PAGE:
Academic diversity
Although enrolled in a notoriously-demanding major subject, I was interested in a lot of MIT’s startlingly-broad offerings beyond physics. Little by little, indeed, it became apparent that I wasn’t at all determined to become a physicist by trade. I loved and enjoyed physics: its precision, its complexity, its profound correspondence with the natural world and the light it was able to cast on that world. I absorbed the language of physics quite easily and found myself pursuing its history and philosophy as much as its practice.

The smartest people I knew at MIT were always confessing that they had no idea what opportunities and questions would lie at the cutting edge of progress, where we students arguably belonged, by the time we got there. They understood that they couldn’t teach us how to do what we’d have to do. So, they always urged us to learn how to learn and to discern, rather than just to gain a set of skills that was bound to obsolesce. It was no secret among us, moreover, that an undergraduate physics degree was a good starting credential for a very wide range of educational and professional careers.1

So, I spread my MIT studies around pretty widely. Music and poetry and other aspects of literature called to me; I joined the MIT Concert Band and enrolled in elective courses, with an emphasis on the humanities that puzzled some of my more technologically-focused peers: many of my classmates tended to tolerate the required “Humanities” courses as inescapable but regrettable digressions from their central technical concerns.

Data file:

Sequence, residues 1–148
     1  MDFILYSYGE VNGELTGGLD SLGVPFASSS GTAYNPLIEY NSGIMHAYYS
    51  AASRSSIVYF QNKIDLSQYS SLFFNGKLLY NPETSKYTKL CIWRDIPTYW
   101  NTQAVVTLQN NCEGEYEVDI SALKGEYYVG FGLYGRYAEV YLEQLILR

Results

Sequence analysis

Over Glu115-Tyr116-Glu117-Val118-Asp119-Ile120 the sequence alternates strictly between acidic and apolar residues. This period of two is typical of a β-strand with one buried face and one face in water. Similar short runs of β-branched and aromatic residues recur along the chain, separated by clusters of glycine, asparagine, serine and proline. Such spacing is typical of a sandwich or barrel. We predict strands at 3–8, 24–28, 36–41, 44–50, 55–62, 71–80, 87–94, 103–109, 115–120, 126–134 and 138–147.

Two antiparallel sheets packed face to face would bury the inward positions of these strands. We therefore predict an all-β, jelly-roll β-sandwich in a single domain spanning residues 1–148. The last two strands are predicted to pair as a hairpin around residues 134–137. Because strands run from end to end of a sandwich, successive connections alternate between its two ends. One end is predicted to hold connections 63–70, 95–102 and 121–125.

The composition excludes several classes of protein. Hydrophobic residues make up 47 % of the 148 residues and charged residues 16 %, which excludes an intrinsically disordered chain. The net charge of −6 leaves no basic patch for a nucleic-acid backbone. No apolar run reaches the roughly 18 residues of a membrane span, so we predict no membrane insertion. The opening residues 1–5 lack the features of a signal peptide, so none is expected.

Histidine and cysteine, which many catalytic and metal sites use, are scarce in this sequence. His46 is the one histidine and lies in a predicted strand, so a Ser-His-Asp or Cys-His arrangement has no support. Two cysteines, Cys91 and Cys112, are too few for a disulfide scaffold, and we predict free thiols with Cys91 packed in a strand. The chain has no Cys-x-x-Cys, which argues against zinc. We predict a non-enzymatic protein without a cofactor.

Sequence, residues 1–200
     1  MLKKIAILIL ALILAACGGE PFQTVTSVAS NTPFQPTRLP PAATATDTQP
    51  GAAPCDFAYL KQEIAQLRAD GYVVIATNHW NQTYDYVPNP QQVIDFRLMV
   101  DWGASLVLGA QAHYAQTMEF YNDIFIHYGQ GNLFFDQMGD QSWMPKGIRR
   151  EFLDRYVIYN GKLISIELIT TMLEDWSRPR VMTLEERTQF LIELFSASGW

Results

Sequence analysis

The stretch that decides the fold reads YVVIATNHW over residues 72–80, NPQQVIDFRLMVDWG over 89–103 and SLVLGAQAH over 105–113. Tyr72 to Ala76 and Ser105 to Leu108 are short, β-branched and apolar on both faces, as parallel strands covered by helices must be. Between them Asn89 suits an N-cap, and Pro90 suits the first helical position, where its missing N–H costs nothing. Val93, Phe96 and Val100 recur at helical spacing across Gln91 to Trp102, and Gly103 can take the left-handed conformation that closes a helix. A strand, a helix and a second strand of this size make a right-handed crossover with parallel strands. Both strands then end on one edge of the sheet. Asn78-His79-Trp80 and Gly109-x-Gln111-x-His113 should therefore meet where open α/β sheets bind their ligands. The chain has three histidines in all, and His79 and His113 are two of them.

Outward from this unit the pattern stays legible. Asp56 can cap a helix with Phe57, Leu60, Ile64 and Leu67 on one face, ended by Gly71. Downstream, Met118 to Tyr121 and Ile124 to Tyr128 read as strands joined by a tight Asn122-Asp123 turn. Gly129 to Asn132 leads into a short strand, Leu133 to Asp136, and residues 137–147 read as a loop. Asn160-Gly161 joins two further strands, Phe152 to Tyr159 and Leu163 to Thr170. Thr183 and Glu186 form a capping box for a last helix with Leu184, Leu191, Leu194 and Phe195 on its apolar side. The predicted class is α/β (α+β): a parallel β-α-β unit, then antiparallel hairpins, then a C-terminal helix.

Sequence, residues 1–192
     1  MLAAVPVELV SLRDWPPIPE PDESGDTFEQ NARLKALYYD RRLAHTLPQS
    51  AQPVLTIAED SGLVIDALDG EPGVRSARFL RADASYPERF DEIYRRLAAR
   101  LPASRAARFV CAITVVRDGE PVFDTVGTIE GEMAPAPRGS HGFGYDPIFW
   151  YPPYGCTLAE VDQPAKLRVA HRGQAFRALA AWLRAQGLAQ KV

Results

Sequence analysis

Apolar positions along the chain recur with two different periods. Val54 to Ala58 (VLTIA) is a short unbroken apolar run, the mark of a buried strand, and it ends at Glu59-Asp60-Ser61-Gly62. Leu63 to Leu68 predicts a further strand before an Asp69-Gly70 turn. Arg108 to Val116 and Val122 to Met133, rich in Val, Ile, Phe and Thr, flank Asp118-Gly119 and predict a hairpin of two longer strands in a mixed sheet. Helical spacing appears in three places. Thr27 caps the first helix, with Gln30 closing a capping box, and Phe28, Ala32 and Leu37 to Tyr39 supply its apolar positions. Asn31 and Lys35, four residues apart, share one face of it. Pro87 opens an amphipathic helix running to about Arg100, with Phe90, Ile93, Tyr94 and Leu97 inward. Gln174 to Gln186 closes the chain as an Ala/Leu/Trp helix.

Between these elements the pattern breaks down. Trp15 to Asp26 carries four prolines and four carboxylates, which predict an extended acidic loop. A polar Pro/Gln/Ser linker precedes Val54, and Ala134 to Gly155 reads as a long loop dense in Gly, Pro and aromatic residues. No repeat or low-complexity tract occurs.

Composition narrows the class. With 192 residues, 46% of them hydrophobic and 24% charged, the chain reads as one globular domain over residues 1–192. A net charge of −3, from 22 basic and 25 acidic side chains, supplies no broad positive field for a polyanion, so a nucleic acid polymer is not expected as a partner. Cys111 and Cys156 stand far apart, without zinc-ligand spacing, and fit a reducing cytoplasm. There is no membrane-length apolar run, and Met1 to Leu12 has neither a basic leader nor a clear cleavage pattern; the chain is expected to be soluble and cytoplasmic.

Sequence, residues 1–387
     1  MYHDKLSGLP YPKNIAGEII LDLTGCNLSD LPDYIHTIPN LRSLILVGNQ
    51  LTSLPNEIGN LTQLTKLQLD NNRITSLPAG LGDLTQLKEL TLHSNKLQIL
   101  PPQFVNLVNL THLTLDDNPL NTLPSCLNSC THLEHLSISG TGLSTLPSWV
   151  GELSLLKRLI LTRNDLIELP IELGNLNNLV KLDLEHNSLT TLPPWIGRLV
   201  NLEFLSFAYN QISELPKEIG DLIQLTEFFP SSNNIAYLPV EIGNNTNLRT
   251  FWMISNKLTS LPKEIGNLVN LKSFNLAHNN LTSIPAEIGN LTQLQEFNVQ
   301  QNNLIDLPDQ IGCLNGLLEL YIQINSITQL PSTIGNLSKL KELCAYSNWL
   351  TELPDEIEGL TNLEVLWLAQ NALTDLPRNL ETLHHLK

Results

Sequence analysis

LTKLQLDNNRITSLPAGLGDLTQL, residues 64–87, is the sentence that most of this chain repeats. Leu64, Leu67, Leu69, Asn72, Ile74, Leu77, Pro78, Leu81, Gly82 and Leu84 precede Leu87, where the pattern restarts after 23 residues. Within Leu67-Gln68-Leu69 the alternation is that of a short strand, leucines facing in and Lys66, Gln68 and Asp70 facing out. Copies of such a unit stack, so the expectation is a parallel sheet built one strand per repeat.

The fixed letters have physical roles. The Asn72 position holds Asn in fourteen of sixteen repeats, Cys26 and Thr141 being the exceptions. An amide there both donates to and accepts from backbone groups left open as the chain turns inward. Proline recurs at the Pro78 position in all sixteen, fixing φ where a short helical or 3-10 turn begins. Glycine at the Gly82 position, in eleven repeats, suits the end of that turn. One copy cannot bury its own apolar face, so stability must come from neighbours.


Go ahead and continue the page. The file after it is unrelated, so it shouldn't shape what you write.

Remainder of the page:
My deviant academic behavior did win me some faculty friends. Professor John B. Rae, for example, of the Humanities department, was my freshman advisor, and we hit it off well. Wish I had a photo of him. Enjoyed my first Boston Thanksgiving at the Raes’ home in Belmont. He invited me to enter the competition for the Ellen King Prize, awarded each year for the best piece of creative writing by a freshman. Not sure how many entries they got, but I won with a recycled high-school term paper and still cherish the books2 they awarded me. Professor Rae left MIT before I did and pursued a distinguished career at Harvey Mudd College in Claremont, California.3

Also learned a lot from Professors Ernst Levy and Gregory Tucker of the Music Department. Tucker’s brown-bag luncheon seminars in the Music Library tended toward serendipitous delight.
1In later years, at dinner meetings of the MIT Educational Council at the Faculty Club, I’d make it a point to ask the other nine alumni at my table (1) how many of them were from Course VIII (Physics—typically about half); (2) of those, how many now considered themselves physicists by profession (maybe a bit more than half); and (3) of those now otherwise engaged, how they did describe their professional identity (just about anything you might think of, and some you mightn’t). Me, by this time I’d say I was either in public policy or medical research.
2$50 worth, my choice—bought a lot more in those days: e.e.cummings, Dylan Thomas, Edmond Rostand, Donne, Poe.
3 Coincidentally enough, right on the line between San Bernardino and Los Angeles Counties.

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